As a result of the fame of Complainant’s trademark “RITZ” and trademark registrations worldwide, including in the Republic of Korea, Respondent’s prior use of the company name “The Ritz Ltd.”, Respondent’s demonstrable knowledge of the Hotel Ritz-Carlton Seoul, and Respondent being in a business which is closely linked to the hotel business, the Panel finds that Respondent must have been aware of Complainant’s trademark “RITZ” previous to his registration of the domain name at issue.

The Panel therefore finds that the Respondent has adopted and used the term “ritz” in order to attract for commercial gain Internet users to his web site, by exploiting the fame and exclusiveness of Complainant’s trademark. The Panel furthermore concludes that a use which knowingly trades on the fame and reputation of a mark cannot constitute a “bona fide” offering of goods and services, as a conclusion to the contrary would imply that a Respondent would be able to rely on intentional infringement in order to demonstrate a legitimate interest pursuant to Paragraph 4(c) of the Policy.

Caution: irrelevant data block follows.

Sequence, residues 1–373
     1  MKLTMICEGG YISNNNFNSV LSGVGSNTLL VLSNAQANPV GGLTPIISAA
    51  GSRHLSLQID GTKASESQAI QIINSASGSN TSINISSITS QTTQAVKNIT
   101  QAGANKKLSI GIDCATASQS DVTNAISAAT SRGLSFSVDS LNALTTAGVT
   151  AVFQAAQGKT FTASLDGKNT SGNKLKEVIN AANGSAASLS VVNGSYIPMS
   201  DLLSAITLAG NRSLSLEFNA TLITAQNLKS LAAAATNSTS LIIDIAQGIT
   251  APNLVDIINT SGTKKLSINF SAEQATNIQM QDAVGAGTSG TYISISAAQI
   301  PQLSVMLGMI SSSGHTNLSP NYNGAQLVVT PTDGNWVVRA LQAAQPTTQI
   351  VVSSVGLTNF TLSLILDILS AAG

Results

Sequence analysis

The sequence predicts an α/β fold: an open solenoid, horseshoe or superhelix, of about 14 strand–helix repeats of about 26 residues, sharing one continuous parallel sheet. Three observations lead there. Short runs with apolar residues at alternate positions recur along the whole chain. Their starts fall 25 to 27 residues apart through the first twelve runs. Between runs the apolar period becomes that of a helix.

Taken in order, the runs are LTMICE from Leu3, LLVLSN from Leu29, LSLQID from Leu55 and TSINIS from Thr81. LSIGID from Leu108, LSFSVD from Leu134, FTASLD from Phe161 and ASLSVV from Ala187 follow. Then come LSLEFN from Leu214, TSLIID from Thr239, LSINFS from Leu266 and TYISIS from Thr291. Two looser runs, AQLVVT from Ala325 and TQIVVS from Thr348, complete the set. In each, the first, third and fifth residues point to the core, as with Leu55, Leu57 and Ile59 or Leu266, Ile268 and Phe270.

C. Registered and Used in Bad Faith

Having reached the conclusion that Respondent has knowingly adopted and used the domain name at issue in order to attract for commercial gain Internet users to his web site, by exploiting the fame and exclusiveness of Complainant’s trademark, the Panel concludes that Respondents has registered and is using the contested domain name in bad faith.


7. Decision

For all the foregoing reasons, in accordance with Paragraphs 4(i) of the Policy and 15 of the Rules, the Panel orders that the domain name be transferred to the Complainant.



Peter G. Nitter
Presiding Panelist

Clive Duncan Thorne

Sang Jo Jong

Dated: June 23, 2004


Источник информации: https://internet-law.ru/intlaw/udrp/2004/d2004-0154.html